Commonwealth University - Bloomsburg student presenting research at campus event.

Social Work

The BSW program provides students with real-world opportunities to gain social work knowledge, values, ethics, and skills to work with client systems of all types, including individuals, families, groups, and communities. Offered both in-person and online, the program places an emphasis on an appreciation for human diversity and a strong commitment to social and economic justice. Students are prepared through courses and field experiences to engage in the social change process through interface with the regional community.

Degrees & Offerings
  • B.S.W.
Location
  • Bloomsburg
  • Clearfield
  • Lock Haven
  • Mansfield
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Social Work at Commonwealth University

The mission of the Commonwealth University (CU) Social Work Program is to prepare baccalaureate social workers to be leaders and advocates for change guided by the knowledge, values, and skills of the profession. Consistent with the social work ethical code of conduct, our program will strive to develop students who use innovation, critical thinking, collaboration, and cultural awareness to attend to, prevent, and ameliorate social injustice.

The program prepares students to adhere to the ethical standards of social work, to advocate for social and economic justice, and to promote the strengths and well-being of diverse individuals, families, groups, organizations, and communities. Students graduate with the core competencies appropriate to entry-level generalist social work as well as the foundation for graduate social work education. The following are guiding principles.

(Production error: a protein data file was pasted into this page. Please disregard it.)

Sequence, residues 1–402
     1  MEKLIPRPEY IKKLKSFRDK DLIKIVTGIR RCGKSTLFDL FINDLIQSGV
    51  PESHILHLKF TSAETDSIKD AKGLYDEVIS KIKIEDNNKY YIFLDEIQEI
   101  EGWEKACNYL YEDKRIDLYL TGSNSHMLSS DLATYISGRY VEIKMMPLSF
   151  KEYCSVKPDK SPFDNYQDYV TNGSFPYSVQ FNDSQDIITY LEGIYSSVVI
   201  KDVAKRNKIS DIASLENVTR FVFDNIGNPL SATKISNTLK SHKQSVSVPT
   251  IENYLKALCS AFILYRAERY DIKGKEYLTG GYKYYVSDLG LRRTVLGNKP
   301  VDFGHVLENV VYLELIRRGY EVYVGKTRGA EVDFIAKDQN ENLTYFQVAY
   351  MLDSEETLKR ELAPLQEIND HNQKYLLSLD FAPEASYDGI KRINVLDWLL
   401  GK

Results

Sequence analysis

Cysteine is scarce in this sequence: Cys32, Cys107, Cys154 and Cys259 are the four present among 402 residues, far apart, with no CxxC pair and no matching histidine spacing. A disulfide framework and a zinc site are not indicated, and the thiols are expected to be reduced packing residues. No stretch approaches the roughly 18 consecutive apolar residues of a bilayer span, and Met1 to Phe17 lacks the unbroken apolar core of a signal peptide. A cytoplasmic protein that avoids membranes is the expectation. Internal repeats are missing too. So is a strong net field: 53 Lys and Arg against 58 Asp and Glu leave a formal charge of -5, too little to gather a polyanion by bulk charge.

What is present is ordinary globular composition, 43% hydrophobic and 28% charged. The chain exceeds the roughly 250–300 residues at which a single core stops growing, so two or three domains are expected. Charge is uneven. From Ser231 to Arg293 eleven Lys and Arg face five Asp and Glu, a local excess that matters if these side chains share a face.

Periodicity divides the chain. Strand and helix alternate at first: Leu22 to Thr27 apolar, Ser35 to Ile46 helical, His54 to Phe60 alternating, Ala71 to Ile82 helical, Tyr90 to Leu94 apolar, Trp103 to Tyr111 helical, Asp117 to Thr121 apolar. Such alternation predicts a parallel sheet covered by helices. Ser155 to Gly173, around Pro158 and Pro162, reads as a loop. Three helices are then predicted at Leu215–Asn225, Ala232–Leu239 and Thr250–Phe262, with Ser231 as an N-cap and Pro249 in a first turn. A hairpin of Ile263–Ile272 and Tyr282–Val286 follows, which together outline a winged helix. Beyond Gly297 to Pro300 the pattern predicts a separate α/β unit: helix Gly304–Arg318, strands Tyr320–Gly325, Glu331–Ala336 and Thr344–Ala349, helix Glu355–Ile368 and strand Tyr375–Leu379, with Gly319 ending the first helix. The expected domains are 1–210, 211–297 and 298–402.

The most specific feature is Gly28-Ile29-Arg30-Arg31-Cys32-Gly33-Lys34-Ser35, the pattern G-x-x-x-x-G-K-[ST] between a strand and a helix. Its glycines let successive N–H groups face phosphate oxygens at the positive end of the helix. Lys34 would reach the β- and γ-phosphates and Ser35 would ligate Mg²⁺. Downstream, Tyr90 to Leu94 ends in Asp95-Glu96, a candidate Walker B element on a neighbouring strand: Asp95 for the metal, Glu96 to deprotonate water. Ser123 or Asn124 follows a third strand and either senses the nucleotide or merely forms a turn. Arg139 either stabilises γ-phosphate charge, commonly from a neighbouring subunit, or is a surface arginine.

• Human relationships are the vehicle for change.
  • Diverse experiences, perspectives and identities strengthen our communities.
  • Social Work practice must be ethical, principled, and research informed.
  • Social workers must be skilled at both changing macro contexts and helping clients to better function within their environments.
  • Critical thinking, both in self-reflection and analysis of social context, is key to creating change.
  • A strengths perspective is fundamental to social work 

Course Delivery Format

  Bloomsburg

  Face-to-Face
  Online
  Hybrid

  Lock Haven

  Face-to-Face
  Online
  Hybrid

  Mansfield

  Face-to-Face
  Online
  Hybrid

  Clearfield

  Face-to-Face
  Online
  Hybrid

Courses and Curriculum

With our flexible curriculum, students can complete this Council on Social Work Education (CSWE) accredited degree option in-person, 100% online, or in a hybrid format.